Skip to main content

Barker: The paradise engineer

Dispensing with hammering kick-drums in favour of a more expansive sound, Berlin-based Brit, Barker, has become one of Ostgut Ton’s most-celebrated artists in recent years. DJ Mag chats to him about his musical philosophy and how he produced one of 2019’s best albums

“I never consciously liked trance,” says Sam Barker. Until last year, the British-born, Berlin-based artist was best known as a co-founder of the Leisure System party and label, and as one half of Barker & Baumecker, a genre-busting collaboration with Panorama Bar resident Andy Baumecker. With that background, most people likely thought of Barker as an experimentally minded bass or techno producer.

The release of 2018’s ‘Debiasing’ on Ostgut Ton changed that. Heavy on soaring synths and entirely without kick-drums, the EP wasn’t styled as trance, but certainly prompted comparisons to it. Some techno artists might have recoiled at such a comparison, but Barker has taken a more measured approach. “I do have a tendency to put an extra spoon of sugar in the mix, and make things a little sweet and melodic,” he says. “Trance music, in its purest form, is really about inner peace, but what trance [ultimately] became had nothing to do with that. It was obnoxious, shouty, demanding, and sort of dictatorial in its signals.”

Signals, however, are something that Barker is keen to investigate. He started working on ‘Debiasing’ with 20 years of production experience, yet even with a studio full of impressive hardware and an enviable working knowledge of synthesis and Max/MSP, all of that freedom prompted feelings of fatigue rather than inspiration. “[In order to be] more productive on my own,” he explains, “I had to find purpose in what I was doing.”

He found that purpose through academic studies: in philosophy, behavioral science, cognitive psychology, and ethics. He was particularly drawn to the American behaviorist B.F. Skinner, and his laboratory work with rats and their reactions to stimuli.

“I came to the realisation that music is a reasonably complex behavioral science,” he explains, “where you signal certain things and you create predictable responses... dance music has gone into a manipulative realm. You have this universally recognised signal, the kick-drum, that comes in and says the same thing over and over again: ‘dance, dance, dance’.” He continues, “People are so used to [the kick-drum] being there that they respond almost spontaneously to this cue card.”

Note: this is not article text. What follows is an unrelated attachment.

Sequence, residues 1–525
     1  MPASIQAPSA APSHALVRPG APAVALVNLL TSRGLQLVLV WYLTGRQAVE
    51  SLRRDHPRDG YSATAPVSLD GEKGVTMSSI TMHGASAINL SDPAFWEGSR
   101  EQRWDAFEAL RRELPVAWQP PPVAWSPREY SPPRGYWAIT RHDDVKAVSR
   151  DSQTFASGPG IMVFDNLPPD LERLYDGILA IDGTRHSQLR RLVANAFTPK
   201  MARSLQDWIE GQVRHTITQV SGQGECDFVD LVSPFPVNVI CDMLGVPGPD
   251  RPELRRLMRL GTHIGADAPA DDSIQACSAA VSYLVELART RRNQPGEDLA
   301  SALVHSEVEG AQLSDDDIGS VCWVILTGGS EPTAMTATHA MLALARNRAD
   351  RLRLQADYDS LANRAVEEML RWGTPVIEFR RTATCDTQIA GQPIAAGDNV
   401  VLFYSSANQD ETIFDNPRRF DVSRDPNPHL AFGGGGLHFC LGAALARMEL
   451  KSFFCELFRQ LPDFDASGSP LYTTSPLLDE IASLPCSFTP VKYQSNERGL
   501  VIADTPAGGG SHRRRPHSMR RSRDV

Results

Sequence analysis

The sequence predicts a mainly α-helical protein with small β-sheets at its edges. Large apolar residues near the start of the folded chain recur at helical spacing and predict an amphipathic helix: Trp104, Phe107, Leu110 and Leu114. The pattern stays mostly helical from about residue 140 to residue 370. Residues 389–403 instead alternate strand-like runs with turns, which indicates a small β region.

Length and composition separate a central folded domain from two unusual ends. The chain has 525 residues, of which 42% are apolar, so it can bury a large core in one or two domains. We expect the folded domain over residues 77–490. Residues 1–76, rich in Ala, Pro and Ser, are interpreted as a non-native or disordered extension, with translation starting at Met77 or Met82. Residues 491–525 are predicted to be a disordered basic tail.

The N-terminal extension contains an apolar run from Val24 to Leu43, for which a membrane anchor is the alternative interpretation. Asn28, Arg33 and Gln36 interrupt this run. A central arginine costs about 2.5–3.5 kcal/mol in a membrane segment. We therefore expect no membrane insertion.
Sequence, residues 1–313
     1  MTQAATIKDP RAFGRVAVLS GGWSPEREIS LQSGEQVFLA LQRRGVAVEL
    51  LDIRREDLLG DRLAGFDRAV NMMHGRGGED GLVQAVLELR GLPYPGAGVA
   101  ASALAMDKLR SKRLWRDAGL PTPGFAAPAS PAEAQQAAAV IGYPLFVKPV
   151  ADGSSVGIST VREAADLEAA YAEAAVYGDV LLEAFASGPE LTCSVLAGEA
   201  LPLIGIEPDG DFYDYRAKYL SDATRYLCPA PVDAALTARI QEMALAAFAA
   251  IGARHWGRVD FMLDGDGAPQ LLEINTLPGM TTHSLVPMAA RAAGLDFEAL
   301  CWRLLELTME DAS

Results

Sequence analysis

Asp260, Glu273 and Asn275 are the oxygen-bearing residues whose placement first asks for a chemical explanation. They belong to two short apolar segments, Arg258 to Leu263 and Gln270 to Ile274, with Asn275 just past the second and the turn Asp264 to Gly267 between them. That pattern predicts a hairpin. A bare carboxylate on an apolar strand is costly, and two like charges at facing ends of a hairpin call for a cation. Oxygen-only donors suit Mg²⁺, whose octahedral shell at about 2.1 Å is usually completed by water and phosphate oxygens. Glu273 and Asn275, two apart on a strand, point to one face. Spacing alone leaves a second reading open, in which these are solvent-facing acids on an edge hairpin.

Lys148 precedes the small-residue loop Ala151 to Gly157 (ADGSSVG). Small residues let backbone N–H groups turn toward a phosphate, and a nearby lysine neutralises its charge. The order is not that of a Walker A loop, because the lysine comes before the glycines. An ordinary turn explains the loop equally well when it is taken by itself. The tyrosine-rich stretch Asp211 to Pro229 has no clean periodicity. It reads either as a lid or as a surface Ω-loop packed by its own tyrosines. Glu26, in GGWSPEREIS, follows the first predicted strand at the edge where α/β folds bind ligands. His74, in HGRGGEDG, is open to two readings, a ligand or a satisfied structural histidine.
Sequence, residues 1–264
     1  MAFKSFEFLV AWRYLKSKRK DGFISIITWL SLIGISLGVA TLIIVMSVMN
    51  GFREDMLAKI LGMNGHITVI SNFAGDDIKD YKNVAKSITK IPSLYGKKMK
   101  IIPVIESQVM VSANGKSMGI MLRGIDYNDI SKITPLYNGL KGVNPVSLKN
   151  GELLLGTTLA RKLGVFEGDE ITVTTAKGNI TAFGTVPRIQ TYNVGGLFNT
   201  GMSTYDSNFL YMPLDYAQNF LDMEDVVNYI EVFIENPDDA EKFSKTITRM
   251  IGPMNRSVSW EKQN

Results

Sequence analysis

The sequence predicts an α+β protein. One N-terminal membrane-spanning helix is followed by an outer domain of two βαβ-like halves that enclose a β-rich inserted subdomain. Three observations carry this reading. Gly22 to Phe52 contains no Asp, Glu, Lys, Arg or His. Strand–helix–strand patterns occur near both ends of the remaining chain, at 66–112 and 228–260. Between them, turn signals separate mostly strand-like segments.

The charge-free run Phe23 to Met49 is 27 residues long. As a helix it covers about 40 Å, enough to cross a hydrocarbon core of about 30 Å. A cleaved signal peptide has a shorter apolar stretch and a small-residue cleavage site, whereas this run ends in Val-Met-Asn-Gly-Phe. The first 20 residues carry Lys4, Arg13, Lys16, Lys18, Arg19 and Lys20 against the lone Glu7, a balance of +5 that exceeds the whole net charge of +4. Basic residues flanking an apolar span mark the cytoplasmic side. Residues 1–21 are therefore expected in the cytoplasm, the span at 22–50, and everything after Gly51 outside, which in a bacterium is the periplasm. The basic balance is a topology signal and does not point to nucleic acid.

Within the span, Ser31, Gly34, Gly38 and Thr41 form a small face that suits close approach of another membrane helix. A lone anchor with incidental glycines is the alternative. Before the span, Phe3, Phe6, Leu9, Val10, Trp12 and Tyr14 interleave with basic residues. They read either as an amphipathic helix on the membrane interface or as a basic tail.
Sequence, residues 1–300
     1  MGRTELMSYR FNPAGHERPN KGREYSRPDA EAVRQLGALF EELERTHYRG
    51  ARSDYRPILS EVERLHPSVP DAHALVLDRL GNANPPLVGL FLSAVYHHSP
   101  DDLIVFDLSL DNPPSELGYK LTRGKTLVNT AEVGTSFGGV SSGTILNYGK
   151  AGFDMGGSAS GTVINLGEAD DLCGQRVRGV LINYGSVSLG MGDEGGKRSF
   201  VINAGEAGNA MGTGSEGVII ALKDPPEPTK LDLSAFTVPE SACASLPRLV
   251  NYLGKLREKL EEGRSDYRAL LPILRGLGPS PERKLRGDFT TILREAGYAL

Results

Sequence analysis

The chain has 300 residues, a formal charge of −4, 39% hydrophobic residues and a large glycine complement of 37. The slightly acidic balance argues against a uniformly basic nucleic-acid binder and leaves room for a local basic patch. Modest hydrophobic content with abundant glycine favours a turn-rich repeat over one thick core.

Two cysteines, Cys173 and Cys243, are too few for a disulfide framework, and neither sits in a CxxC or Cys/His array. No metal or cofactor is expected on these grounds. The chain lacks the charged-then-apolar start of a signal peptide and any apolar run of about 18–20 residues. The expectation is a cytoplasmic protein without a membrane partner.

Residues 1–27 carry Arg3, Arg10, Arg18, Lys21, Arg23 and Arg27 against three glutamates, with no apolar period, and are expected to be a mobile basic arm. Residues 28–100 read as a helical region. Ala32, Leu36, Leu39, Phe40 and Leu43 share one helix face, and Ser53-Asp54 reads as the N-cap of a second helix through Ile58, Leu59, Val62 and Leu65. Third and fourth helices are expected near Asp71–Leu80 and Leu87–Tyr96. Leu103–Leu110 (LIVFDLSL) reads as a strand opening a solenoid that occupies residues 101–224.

During his reading, Barker came across a quote from American philosopher Ambraham Kaplan: “Give a small boy a hammer, and he will find that everything he encounters needs pounding.” The concept — the law of the instrument — provided Barker with a new sense of clarity. While kick-drums aren’t the only metaphorical “hammer” in techno music, they’re certainly the most prevalent — which is why Barker elected to take them out of the equation entirely.

Before releasing his first EP as Barker in 2013 on Leisure System, he’d released a handful of more experimental, IDM-informed records under the name Voltek. Although he’d continued producing since then, things weren’t coming together. It didn’t help that he was also working a demanding day job as a booking agent, growing disillusioned with the “unapologetically capitalistic” nature of the business. “If I didn’t stop doing it,” he explains, “I was never going to have the head-space to actually produce something valuable musically.” After 10 years, he left his job at the end of 2016 to concentrate on his own music.